Socializing with God

Prayers | Anupriya Mishra | Religion | Temple | God

Prayers come to me as naturally as the phenomenon of breathing. I pray because I believe in the supreme power, the divinity and something miraculous that gives me strength to go on and on. Despite the failures, deceits, or losses, where does this strength to survive come from?

Yes, I am a firm believer of God. Not out of fear, but faith. I have always felt some mystic powers within, that have always given me courage to cope up with any problem, big or small. Where does this courage come from? There is something inexplicable that gives you strength to fight any situation.

This power that transforms into strength in adversities; is what I call God. I may or may not worship an idol, but I know God exists because that supreme power exists. The power that can take charge of any situation and lay a protective shell around you. Believing in God is believing the fact that there’s someone watching on you. That there’s someone superior to you, to guide you and also punish you for the wrong deeds.

More than anything, I believe in God for it gives me inner peace. And, the most peaceful of all the prayers happen not in the biggest and noisiest of temples, monasteries or chapels, but the smaller ones or may be in one of the silent corners of your home. Perhaps that’s why it is said that God is omnipresent and my favorite lines by Sant Kabir:

Moko kahan dhoondhe re bande

Main to tere paas mein

Na teerath mein na moorat mein

Na kanth niwas mein

Na mandir mein na masjid main

Na Kabe Kailas mein

Na main jap mein na main tap mein

Na main barat upaas mein

Na main kiriya karam mein rehata

Na hi jog sanyas mein

Na hi pran mein na hi pind mein

Na bramhand aakaash mein

Na main prakrati pravar gufa mein

Sab swason ki saans mein

Khoji hoye turat mil jaoon

Ek pal ki taalas mein

Kehat Kabir suno bhai saadho

Main to hoon vishvas mein

The crux of these beautiful lines is that the Almighty will not be found in temples, mosques, ceremonies or rituals. God is inside each one of us. All we need is, feel his presence with undeterred faith. True!

You’ll not find me visiting temples often or chanting sermons day in, day out.  I rather not favor the rigid traditions and customs or offerings that are made in the name of God. I also completely condemn the idea of floating idols in the seas and rivers during visarjanas and firmly believe that it’s time to change our outlook, our modus operandi. It’s time to socialize with God in a better way rather than giving offerings in various forms that go down the drain. I believe in God in my simple ways. What about you?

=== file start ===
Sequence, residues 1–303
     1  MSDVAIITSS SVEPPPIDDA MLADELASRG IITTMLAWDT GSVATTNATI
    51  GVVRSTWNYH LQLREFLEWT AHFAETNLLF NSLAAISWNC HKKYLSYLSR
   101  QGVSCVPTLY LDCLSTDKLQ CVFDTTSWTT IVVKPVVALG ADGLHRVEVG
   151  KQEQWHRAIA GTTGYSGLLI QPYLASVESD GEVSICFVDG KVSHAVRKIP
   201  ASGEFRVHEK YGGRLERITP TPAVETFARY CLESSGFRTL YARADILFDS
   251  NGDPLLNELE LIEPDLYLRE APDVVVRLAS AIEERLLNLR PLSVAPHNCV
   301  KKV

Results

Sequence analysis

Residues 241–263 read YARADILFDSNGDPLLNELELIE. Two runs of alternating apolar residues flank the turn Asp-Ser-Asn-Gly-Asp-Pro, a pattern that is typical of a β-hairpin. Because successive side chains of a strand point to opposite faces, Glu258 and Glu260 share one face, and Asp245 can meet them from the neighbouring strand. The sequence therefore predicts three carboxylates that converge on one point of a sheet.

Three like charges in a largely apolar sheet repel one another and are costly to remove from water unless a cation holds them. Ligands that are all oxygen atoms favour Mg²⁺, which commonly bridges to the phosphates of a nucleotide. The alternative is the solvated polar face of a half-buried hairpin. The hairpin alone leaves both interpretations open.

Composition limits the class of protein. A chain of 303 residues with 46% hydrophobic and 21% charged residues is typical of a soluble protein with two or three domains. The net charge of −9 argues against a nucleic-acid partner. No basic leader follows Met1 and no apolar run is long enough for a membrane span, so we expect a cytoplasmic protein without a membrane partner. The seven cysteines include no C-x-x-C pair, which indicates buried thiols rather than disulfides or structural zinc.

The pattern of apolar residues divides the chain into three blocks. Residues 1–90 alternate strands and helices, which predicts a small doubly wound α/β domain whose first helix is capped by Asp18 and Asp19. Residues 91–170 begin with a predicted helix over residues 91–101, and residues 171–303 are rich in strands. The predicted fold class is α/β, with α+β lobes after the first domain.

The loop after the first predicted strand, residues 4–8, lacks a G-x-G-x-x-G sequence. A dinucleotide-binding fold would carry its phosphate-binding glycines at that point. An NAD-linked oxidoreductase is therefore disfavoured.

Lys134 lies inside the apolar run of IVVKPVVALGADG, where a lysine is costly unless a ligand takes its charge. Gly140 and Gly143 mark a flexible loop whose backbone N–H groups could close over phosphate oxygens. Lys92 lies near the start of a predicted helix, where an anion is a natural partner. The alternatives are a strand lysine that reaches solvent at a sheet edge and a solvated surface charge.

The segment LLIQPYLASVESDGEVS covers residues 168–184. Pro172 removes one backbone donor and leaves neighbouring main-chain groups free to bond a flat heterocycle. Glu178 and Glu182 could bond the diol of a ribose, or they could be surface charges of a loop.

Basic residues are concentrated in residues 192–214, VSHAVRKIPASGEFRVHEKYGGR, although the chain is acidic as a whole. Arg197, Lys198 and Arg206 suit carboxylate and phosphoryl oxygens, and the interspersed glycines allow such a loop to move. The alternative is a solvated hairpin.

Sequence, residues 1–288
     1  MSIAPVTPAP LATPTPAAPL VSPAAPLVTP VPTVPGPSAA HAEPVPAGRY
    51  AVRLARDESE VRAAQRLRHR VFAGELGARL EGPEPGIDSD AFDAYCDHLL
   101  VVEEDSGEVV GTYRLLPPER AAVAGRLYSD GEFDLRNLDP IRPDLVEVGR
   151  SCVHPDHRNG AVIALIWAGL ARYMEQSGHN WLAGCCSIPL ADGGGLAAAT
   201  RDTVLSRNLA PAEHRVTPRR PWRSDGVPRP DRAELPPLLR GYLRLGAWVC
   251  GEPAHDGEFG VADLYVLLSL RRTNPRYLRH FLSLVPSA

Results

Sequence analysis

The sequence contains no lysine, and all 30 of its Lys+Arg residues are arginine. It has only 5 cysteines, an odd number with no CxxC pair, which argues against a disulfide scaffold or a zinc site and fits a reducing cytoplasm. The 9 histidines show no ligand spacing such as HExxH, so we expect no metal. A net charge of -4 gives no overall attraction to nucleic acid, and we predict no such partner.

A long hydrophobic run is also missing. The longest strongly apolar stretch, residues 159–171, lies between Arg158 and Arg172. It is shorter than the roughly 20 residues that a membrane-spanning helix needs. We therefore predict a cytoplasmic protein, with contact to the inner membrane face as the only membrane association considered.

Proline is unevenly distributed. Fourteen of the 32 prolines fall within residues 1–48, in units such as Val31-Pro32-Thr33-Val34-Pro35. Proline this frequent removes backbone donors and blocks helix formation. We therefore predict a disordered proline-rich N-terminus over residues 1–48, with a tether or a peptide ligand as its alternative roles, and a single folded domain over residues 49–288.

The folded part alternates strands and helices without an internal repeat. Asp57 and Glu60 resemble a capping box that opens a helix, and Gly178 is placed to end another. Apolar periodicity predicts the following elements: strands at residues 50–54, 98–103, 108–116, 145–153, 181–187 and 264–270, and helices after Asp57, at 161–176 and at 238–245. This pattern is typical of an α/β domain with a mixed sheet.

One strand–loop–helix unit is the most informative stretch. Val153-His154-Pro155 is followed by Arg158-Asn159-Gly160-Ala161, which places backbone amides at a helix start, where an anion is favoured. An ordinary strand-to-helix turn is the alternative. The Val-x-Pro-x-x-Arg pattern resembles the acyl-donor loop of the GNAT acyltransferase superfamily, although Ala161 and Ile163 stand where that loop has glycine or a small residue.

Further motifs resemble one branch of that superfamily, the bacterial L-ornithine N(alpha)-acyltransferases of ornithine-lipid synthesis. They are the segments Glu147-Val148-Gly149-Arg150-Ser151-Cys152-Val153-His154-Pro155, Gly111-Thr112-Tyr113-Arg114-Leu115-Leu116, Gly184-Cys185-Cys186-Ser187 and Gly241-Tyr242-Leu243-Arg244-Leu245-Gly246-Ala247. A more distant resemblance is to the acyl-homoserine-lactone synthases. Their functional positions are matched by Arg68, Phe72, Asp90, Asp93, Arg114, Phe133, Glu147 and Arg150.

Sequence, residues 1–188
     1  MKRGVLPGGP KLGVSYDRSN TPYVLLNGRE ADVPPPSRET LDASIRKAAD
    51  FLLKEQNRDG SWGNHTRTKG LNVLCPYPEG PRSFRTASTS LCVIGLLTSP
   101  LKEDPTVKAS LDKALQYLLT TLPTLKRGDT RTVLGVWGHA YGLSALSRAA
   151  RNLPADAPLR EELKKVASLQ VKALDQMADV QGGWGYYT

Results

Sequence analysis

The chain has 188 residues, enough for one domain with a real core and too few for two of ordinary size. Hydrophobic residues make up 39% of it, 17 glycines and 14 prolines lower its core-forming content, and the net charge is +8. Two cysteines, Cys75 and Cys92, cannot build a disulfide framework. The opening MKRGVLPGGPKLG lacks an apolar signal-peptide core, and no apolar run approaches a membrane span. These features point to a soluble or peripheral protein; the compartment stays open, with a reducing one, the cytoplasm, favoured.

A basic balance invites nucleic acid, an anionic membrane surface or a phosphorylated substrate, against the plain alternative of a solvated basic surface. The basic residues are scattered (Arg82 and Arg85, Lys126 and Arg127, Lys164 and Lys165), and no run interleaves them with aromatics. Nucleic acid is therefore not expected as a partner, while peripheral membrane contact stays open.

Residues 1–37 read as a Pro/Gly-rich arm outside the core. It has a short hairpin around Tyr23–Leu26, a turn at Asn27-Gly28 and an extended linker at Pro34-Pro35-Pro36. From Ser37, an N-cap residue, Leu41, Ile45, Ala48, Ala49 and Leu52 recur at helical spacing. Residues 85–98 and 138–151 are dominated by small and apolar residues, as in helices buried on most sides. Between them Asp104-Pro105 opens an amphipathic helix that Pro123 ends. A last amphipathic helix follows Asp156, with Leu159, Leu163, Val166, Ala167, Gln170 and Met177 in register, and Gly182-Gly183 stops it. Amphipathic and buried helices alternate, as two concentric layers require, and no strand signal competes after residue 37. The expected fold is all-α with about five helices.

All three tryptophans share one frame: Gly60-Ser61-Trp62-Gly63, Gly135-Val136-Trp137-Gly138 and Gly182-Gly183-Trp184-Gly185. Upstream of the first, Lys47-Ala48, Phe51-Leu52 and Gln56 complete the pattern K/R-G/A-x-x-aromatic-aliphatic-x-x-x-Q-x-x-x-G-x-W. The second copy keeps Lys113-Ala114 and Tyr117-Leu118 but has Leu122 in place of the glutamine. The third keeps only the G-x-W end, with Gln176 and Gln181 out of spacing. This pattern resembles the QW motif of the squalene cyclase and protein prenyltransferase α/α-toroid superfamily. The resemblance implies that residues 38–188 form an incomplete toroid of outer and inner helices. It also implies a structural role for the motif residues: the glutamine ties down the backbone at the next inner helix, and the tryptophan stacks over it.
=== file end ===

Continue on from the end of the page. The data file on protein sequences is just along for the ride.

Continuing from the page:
Why I Stopped Bursting Crackers?

Noise Free Diwali-Blog-Anupriya Mishra

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I do not remember when did I last buy crackers. It was when I was in standard 5th or 6th. With this calculation, it is probably some 18 to 19 years back. Unlike others in the neighborhood, my brother and I enjoyed lighting Diyas and Candles after the pooja. My brother is two years elder to me and of course the wiser one. He was obviously the first one who deliberately gave up on crackers.

We used to buy crackers from a popular place in Lucknow called Yahiya Ganj. This place was and still is popular, especially for high quality crackers. Once my brother came back home and told me how children of almost our age and even younger are assisting the vendors of these shops. Some of these children had burnt their palms. On being asked they told that they also assist in packing of crackers and that’s when they burn their hands due to excessive contact with explosives. My brother was touched with their story and the sight. When he told me I was equally upset and understood the reason of a few number of crackers, where we used to get bags full. The question that arose in our minds was, “Are we going to enjoy at the cost of the life of these innocents? Do they even get to enjoy one fourth of what we do, despite all the labor they put in?”

That was the year when we decided to give up on crackers.

No media to propagate, no PM to encourage cracker free Diwali back then, but it was a deliberate choice and I am glad I could follow it till date. Today, when I see a lot of debate going on whether one should or one shouldn’t buy crackers, I wish I could share my thoughts too.

Some people debate in its favor affirming that it gives employment to a number of people as it’s a huge industry and trade. But, they do not realize the cost at which it does. We spend thousands on crackers every Diwali only to spread harmless gases and noise in the atmosphere for our momentary pleasure. But, Diwali isn’t about that?

Every year there are accidents that lead to damage and destruction due to unexpected explosions. These massacres are human made unlike the natural disasters that are not under our control. Let’s control what we can!

Diwali is about spreading light, joy and love. It’s about getting together and praying for prosperity and well being of your family and loved ones. Festivals are meant for this purpose. It gives us a reason to celebrate the togetherness and warmth of our family without harming anyone or anything. We cannot get happiness, if we do not care for the happiness and peace of children, families or even animals who get disturbed and devastated with such pollutants. Can we?